- Car Reviews
- AMG GT 4-door
Design, tech, performance, handling, character… you name it
Interior almost too clever for its own good. And inevitably, it’s not cheap
What is it?
We have the Porsche Panamera to thank for the existence of the AMG GT 4dr. Despite a plethora of fast, expensive machinery at the top of the Mercedes range (E63S, S63 saloon and coupe, CLS53, AMG GT S etc), Mercedes was losing customers who were unable to upgrade to the car they really wanted. Which was, apparently, a very fast, coupe-ish, four-door, sports-focussed, very expensive family car. Niche, eh? You could argue that was the role performed by the old CLS63, but that was deemed too cheap, too GT-ish to tackle the Panamera.
So now we have a four-door AMG GT. Although underneath it actually has much more in common with the E63 and new CLS. Yep, the name is disingenuous, given that this new car uses the MRA platform that underpins the C-Class, E-Class, CLS and various other Mercedes’, and therefore isn’t a four-door version of the GT at all. But it has been modified, gaining extra strengthening for the body.
Up steps the 4.0-litre twin turbo V8, available, like the E63, in S (631bhp) or non-S (577bhp) outputs. The fourteen grand price difference between the two (£121k plays £135k) is also accounted for by the S having dynamic engine mounts, an electric locking rear diff, and the ability to disconnect the front driveshafts and indulge yourself in Drift Mode. In Europe there are also GT 53 and 43 versions, which use the new 3.0-litre in-line six-cylinder in 423 or 357bhp forms. Neither of those is likely to make it to the UK.
In due course there will be a hybrid. Or maybe two. Mercedes mentions the fact that 40 per cent of Panameras are hybrids, e-power available in conjunction with both V6 and V8 motors. Stands to reason Merc might want a slice of the same action, so a 631bhp-plus-e-boost could be on the cards.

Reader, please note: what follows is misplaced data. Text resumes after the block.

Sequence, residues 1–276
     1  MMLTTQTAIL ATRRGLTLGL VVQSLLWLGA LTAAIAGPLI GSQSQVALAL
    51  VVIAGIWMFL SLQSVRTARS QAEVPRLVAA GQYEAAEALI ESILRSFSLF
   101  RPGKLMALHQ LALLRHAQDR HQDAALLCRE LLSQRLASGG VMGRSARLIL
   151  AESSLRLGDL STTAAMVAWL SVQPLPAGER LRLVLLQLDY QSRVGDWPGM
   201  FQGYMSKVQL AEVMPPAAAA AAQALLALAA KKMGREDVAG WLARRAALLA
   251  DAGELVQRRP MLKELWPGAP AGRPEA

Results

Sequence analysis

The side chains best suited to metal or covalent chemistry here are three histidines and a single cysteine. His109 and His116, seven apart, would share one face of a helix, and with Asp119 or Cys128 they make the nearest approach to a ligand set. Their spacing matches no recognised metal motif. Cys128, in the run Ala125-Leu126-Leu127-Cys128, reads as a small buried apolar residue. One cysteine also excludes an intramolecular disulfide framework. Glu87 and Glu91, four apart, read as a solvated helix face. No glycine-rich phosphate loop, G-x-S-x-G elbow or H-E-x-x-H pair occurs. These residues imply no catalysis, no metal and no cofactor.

Like the Panamera, it’s long (over five metres), heavy (2,100kg and upwards), and luxurious. The driving environment has overtones of both AMG GT and S-Class, four seats are standard, a fifth optional and there’s a big boot, the space smuggled in under a swooping, almost endlessly elongated coupe silhouette. It’s a handsome beast, with greater street presence than its key rival. It features active aero: a 20-fin Air Panel grille enlivens the front end, at the rear there’s a multi-stage rear spoiler that flips up to increase stability under braking.
Prices might start at £121,350, but that’s just a stepping off point – let’s face it you’re going to be fitting 21in forged rims and matt magno paint, aren’t you?
What's the verdict?
We’d speculate that the fashion for model proliferation has polluted the thinking of some of the big players (we’re looking at you Audi and BMW). Mercedes isn’t immune, but the AMG GT 4-door coupe is a more convincing addition to the range than you’d be forgiven for expecting given its very existence came about as a riposte to the Porsche Panamera.
It’s as impressive dynamically as it is desirable. It looks great and goes like hell, not just in a straight line but round corners, too. OK, so it’s not really a four-door version of the GT. But in smoothing off some of that car’s rougher dynamic edges, this might even be the ultimate iteration of the idea.